Weekend Sun   

Back to the future for electoral boundary

Pahoia local Stacey Walden thinks the area north of the Te Puna stream should stay in the Bay of Plenty electorate. Photo: Daniel Hines.

When you think about Omokoroa and the surrounding area you think Bay of Plenty, the beaches and all it has to offer – not Coromandel.

But this election people living in Whakamarama, Omokoroa and Pahoia will be voting in the Coromandel electorate and some voters aren’t happy about the change.

Stacey Walden has lived in Pahoia for ten years and is concerned issues for the area won’t be addressed by a Member of Parliament that lives in the Coromandel.

“We are part of the Western Bay, we elect the council members and we know this area.

“My main concern is that the candidates in Coromandel do not understand our issues and won't really be able to address them very well, compared to the Western Bay representative.

“Coromandel issues are completely different.”

Major concerns for the area are State Highway 2, the massive growth in Omokoroa and the need for a secondary school in Omokoroa, says Stacey.

She feels like current MP Todd Muller knows the issues and is working to address them, she says BOP List MP Angie Warren-Clark has done a lot of good as well.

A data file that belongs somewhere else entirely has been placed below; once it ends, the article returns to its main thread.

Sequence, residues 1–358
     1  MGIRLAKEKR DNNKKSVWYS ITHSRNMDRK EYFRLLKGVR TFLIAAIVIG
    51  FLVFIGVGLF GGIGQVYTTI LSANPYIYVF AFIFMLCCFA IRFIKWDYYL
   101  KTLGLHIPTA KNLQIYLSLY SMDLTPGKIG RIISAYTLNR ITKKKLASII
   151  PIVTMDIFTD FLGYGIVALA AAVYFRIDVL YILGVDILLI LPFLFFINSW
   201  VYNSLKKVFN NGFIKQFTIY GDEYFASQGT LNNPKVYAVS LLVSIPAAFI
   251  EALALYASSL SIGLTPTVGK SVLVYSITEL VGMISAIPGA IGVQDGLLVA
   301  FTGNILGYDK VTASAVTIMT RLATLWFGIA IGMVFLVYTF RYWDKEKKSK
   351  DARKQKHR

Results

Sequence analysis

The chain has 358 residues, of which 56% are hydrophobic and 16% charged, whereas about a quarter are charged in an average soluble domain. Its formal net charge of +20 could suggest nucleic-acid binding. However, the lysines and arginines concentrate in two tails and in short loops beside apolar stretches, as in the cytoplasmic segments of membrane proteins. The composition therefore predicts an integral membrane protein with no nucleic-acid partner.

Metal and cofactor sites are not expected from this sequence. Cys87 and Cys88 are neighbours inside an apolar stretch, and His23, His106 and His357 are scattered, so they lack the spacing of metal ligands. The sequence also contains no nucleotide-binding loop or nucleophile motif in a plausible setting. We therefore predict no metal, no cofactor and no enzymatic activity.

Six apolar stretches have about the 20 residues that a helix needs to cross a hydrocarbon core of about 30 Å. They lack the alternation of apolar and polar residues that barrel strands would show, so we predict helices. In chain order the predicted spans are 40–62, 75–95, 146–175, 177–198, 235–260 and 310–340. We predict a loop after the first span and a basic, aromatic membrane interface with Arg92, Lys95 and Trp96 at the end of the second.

“I think it's important that people who represent our area live in our area and know our area and really know our concerns and actively address them.”

The electoral boundary change has occurred because the Bay of Plenty was over the population quota. North Island general electorates must be within 5 per cent of the electoral population of 64,899.

The area north of the Te Puna stream has been added to the Coromandel electorate and in turn Coromandel had to lose population so the area around Te Aroha was moved into the Waikato electorate.

According to submissions on the boundary review some Omokoroa residents think the change is “absurd”.

"There is absolutely no association between Omokoroa and the Coromandel region. Omokoroa is, and always has been, closely aligned with the city of Tauranga, given its very close proximity," says one submitter.

Coromandel MP Scott Simpson says it is back to the future because the same boundaries existed around 15 years ago.

“The Coromandel electorate is a large and diverse electorate before the [recent] boundary changes and it continues to remain so.”

If elected, Simpson will continue the constituent clinics in Omokoroa currently run by Muller.

He says the electorate covers a large area and it requires him to be accessible, and out and about pretty much full time.

“They are all different communities and it's my job as the local MP to represent constituents and advocate for them and on their behalf.

“There's no one community within the electorate that is more or less important than any other.”

Until the election Muller remains as MP, he says it has been a great pleasure getting to know constituents in the area and working alongside them to raise awareness of local issues including the Fix the Bloody Road campaign for SH2 and needing a new school north of the Wairoa River.

“For those residents of Whakamarama and Omokoroa who I don’t manage to see before the September election, thank you for your years of support, kindness and friendship.”

The electoral boundaries are based on current census data and will be reviewed again before the 2026 election.

More on The Weekend Sun...